Quantcast

Saturday, September 4, 2010

Selecting medical students : Need for a change

Do the medical entrance tests correctly measure a student's ability to become a good doctor? Research shows otherwise. Here are some excerpts from a recent article published in The Lancet.
'performance in the premedical sciences is inversely associated with many of the personal, non-cognitive qualities so central to the art of medicine.'...
students' undergraduate science grades and MCAT science scores were associated with grades in the first 2 years of medical school, but were, “almost completely unrelated to performance in the fourth year and to faculty rating of general and clinical competence”....
students who did better in science were, “narrower in interests, less adaptable, less articulate, and less comfortable in interpersonal relationships”....
students who were most successful in the sciences, “have an impersonal orientation: they are not very interested in others”. ...
students who did the best in the premedical sciences scored lower on standardised measures of empathy and tended to be “shy”, “submissive”, “withdrawn”, or “awkward and ill at ease socially”, characteristics the author suggested are, “the antithesis of what most of us would want in a clinician”....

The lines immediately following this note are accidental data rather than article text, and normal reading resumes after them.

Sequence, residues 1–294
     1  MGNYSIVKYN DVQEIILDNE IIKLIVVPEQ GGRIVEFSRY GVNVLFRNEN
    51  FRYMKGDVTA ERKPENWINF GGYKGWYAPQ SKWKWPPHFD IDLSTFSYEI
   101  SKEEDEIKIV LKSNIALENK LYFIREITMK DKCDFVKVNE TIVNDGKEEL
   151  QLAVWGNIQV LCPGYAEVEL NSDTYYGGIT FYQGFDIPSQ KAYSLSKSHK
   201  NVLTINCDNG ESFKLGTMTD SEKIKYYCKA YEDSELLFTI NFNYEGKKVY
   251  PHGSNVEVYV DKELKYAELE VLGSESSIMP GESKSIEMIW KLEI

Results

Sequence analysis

In response to growing data that balancing cognitive and non-cognitive strengths of applicants does not compromise eventual medical quality, some medical schools in the UK and USA have either adopted, or are evaluating, alternative admission criteria. A leader in this area has been McMaster Medical School in Canada with its “Multiple Mini Interview” used to assess psychological and personality aspects of potential students. The Humanities and Medicine Program of the Mount Sinai School of Medicine in New York offers another example.
Read more: 'Science as superstition: selecting medical students : The Lancet

Free Books, powerpoint presentations, teaching tools and resources and drug information